For traders, the U.S. Dollar Index (USDX) is an important tool used for analysis in most markets. The USDX functions as a futures contract, meaning you can use your futures trading account and trade this instrument much like others futures contracts, such as gold, corn, oil, or currency. Instead of trading, retail traders typically use the USDX as a method to analyze the strength of the U.S. dollar (USD).
For analytical purposes, the USDX makes a comparison between the USD and other global currencies. Included in this comparison are most of the free-floating major currencies worldwide and they are weighted based on averages. Among the currencies included in the comparison are the Swiss franc, British pound, Swedish krona, Canadian dollar, yen, and euro. Each currency is weighted within this index. The euro is given the largest weight.
On the chart for the USDX, the euro is generally half of the total weight in the average. The chart often looks akin to a USD/EUR futures contract. It is apparent to spot forex traders that there is a similarity between the USDX and inverse of the spot forex pair EUR/USD. Since the USDX contains six currencies, its measurement of the USD strength is better than a single currency pair, such as EUR/USD.
In 1973, the USDX was initiated with a beginning value of 100. If the USDX were to have a measurement below 100, then it would mean the USD was valued less than its worth back in 1973. However, if the value is greater than 100, the USD would be stronger than its value in 1973. Now, the USDX is approximately 82, meaning it is about 18% weaker than it was in 1973. The USD was not always weaker than when it started. In 2001 and 2002, the USDX had a 20% improvement in value for the USD.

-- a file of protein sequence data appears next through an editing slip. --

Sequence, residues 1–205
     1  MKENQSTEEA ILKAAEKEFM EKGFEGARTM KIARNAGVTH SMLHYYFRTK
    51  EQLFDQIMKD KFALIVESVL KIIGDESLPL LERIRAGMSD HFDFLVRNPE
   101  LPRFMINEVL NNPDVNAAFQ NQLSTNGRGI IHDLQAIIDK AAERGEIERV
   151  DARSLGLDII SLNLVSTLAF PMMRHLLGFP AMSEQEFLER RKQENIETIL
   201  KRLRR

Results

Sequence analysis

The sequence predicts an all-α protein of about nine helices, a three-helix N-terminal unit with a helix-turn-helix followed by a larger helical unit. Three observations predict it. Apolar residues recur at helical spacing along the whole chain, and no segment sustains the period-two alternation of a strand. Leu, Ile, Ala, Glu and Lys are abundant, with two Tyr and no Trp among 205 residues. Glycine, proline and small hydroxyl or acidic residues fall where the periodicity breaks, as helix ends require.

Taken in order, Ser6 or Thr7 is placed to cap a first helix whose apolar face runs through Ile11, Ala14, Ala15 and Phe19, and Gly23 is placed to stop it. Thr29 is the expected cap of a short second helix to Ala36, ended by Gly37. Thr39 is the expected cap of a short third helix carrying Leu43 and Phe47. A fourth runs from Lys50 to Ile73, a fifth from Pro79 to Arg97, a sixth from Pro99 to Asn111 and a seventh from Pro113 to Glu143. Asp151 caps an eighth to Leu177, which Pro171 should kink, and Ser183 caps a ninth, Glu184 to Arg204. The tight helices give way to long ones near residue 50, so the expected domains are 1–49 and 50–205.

Traders in gold, bonds, and currency markets find the USDX is quite useful. In general, when the USD is strong, it correlates will decreased gold prices. A break out on the USDX would be of interest to gold traders, even if they were not directly trading the USD. Global crises also increase the demand for the USD, because investors seek protection from doubt. This will increase the value of the USD and bond yields typically drop. Those are two ways in which the USDX can be used as an inter-market tool to assist in evaluating capital flows and finding new opportunities for trading.
The USDX chart contains a pairs analysis page, which is located in the forex section on the Learning Markets site. If you want to trade the USDX, there are two additional alternatives that are also attractive. First, consider opening a futures account. Both futures and options for futures are available on the USDX and they trade on the NY Board of Trade.
Next, consider trading ETFs that can track the USDX. PowerShares is one option and they offer two ETF alternatives used for the trading index. One is UUP, which is used for investments in long futures contracts on the USDX. This means it moves with the dollar index, if the dollar index increases so does the UUP. The other is the UDN, which is for short futures contracts on the USDX. It works in the opposite manner; it will increase as the dollar index decreases. Buy UUP if you are bullish, whereas you would buy the UDN if you are bearish.